Nursing Care Plan (NCP) for Syncope (Fainting)

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Outline

Pathophysiology

Syncope is essentially a loss of consciousness, which is typically caused by hypotension. The brain lacks adequate blood flow and a temporary loss of consciousness results.

Etiology

Syncope typically has a cardiac etiology but can also be due to many other things (like a side effect from a med, neuro issue, psych issue, or lung problem). When a cardiac etiology is suspected, a cardiac workup is completed. This typically includes cardiac monitoring, labs, and routine vital signs (specifically blood pressure and heart rate).

Desired Outcome

No additional syncopal events, no injury, identification of cause and treatment to prevent further episodes

Subjective Data:

  • Nausea
  • Feeling cold, clammy, or warm
  • Tunnel vision
  • Blurred vision

Objective Data:

  • Vomiting 
  • Loss of consciousness 
  • Arrhythmias 
  • Hypotension
  • Pallor
  • Bradycardia 
  • Confusion/disorientation

Nursing Interventions and Rationales

Nursing Intervention (ADPIE) Rationale
Prevent injury-nonskid socks doesn’t walk without assistance, bed in the lowest locked position, necessary items within reach, call bell within reach, side rails up x3) Sudden loss of consciousness puts patients at a higher risk for falls and injury, therefore it would be prudent to be with the patient when OOB
Educate the patient to change positions slowly This enables the blood pressure to accommodate to position changes and hopefully prevent future episodes
Reevaluate medications, review any that may cause syncope with MD BP meds may need to be spaced out, or dosages may need to be adjusted; discuss
Monitor for changes in the level of consciousness. Monitor appropriately and notify MD if needed, promote safety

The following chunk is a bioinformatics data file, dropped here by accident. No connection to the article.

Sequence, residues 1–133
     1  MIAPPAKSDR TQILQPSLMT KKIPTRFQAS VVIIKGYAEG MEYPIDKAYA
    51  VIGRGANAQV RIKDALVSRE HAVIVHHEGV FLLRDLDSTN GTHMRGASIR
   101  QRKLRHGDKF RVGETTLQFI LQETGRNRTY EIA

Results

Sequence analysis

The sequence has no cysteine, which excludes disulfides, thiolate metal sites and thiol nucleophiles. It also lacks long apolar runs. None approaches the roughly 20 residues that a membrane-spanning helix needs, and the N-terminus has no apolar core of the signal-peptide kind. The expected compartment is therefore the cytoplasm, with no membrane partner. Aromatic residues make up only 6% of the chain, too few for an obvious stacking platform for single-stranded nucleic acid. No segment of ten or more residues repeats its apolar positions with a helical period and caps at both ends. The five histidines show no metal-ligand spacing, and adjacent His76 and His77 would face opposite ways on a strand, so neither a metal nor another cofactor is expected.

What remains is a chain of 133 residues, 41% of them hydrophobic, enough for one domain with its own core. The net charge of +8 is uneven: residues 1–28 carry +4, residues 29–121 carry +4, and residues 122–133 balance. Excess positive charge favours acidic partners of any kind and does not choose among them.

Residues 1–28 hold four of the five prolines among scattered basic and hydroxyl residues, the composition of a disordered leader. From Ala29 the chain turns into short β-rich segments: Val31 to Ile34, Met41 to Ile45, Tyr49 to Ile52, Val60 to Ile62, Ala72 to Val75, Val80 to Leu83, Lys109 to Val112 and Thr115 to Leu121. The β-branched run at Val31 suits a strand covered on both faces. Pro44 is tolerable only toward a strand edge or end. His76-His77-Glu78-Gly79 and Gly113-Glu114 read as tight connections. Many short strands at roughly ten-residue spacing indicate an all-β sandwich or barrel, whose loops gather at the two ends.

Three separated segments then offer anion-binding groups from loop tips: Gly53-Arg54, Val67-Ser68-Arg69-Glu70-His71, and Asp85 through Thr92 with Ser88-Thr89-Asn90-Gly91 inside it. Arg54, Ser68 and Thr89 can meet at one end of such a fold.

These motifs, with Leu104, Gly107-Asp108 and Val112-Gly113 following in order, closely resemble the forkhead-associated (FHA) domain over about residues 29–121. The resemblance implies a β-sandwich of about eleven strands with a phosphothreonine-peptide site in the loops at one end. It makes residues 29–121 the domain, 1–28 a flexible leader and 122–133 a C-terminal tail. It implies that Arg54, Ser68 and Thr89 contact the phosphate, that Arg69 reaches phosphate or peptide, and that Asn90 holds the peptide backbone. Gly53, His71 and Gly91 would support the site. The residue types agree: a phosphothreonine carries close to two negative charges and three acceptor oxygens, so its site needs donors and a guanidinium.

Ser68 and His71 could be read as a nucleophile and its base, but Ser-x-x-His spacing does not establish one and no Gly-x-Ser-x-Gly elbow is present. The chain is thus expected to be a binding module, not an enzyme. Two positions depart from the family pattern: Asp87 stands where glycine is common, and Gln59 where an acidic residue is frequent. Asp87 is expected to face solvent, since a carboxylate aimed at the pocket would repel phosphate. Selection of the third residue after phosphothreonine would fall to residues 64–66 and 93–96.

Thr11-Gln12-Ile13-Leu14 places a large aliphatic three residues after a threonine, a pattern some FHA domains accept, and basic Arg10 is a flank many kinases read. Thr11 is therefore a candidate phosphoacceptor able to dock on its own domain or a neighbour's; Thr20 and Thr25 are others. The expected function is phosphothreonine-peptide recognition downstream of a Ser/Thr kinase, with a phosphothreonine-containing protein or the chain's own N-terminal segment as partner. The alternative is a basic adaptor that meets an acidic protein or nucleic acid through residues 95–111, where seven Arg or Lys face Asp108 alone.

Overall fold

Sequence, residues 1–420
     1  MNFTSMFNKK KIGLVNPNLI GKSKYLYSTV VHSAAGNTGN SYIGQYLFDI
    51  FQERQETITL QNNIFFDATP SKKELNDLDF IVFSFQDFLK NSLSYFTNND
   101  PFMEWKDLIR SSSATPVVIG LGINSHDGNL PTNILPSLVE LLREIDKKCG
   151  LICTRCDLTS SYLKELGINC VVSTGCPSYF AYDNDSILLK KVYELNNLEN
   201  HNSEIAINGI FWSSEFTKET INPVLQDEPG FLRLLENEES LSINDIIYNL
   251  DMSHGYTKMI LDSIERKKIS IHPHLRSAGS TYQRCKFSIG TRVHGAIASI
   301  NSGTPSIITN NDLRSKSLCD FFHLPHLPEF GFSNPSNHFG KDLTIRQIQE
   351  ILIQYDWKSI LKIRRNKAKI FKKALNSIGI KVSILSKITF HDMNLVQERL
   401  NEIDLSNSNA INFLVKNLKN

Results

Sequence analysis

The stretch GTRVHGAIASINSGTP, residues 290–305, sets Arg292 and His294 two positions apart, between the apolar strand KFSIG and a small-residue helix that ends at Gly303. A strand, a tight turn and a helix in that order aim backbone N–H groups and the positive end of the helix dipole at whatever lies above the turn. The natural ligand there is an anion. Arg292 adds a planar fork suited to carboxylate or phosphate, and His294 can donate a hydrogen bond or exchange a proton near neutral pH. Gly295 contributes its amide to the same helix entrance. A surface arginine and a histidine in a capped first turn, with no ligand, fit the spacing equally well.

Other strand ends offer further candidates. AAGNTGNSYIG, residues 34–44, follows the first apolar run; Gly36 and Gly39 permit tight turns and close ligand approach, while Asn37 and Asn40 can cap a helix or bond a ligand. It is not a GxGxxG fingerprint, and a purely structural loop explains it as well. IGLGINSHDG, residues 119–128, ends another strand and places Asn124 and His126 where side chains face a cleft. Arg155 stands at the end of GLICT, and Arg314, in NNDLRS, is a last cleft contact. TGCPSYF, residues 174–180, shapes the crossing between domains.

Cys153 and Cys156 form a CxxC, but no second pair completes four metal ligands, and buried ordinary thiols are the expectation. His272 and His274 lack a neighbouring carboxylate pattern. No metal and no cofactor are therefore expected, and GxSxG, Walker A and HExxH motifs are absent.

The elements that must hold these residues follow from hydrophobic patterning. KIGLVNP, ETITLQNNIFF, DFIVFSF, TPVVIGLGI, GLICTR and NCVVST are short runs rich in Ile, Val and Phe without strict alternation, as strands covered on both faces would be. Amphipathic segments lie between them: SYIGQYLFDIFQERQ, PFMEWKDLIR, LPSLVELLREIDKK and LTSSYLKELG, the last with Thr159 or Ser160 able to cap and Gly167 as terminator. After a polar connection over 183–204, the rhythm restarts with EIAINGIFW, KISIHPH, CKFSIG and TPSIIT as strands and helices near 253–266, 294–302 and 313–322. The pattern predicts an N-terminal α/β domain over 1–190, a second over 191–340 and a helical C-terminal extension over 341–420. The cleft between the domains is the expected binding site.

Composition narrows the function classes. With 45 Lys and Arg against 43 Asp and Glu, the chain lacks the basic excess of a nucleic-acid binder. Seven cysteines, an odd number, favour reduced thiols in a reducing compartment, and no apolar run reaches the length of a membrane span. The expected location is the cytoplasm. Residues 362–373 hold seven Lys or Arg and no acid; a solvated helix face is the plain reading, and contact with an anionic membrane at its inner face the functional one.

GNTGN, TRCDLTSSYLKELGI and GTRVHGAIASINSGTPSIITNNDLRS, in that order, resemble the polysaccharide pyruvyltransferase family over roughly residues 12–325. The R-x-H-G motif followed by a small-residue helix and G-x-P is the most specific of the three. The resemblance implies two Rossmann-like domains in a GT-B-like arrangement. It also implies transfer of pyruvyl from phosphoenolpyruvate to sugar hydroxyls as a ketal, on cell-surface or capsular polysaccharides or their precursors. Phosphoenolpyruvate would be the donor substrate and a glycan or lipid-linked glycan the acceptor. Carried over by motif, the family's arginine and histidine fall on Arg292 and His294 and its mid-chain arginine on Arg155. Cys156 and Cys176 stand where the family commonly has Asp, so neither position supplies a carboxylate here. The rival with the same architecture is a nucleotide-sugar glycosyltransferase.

Promote adequate fluid intake Prevents worsening hypotension

Writing a Nursing Care Plan (NCP) for Syncope (Fainting)

A Nursing Care Plan (NCP) for Syncope (Fainting) starts when at patient admission and documents all activities and changes in the patient’s condition. The goal of an NCP is to create a treatment plan that is specific to the patient. They should be anchored in evidence-based practices and accurately record existing data and identify potential needs or risks.


References

https://my.clevelandclinic.org/health/diseases/17536-syncope

https://www.heart.org/en/health-topics/arrhythmia/symptoms-diagnosis–monitoring-of-arrhythmia/syncope-fainting

https://medlineplus.gov/fainting.html

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Transcript

Hey everyone. Today, we are going to be creating a nursing care plan for syncope, or fainting. So let’s get started. First, we’re going to go over the pathophysiology. So, syncope is essentially loss of consciousness, which is typically caused by hypertension. The brain lacks adequate blood flow, causing temporary loss of consciousness. Some nursing considerations. We want to prevent injury, slow position changes, reevaluating medications, any changes in LOS. We want to promote fluid intake. Some desired outcomes. We want no additional syncope events, no injury, identification of cause and treatment to prevent that further episode.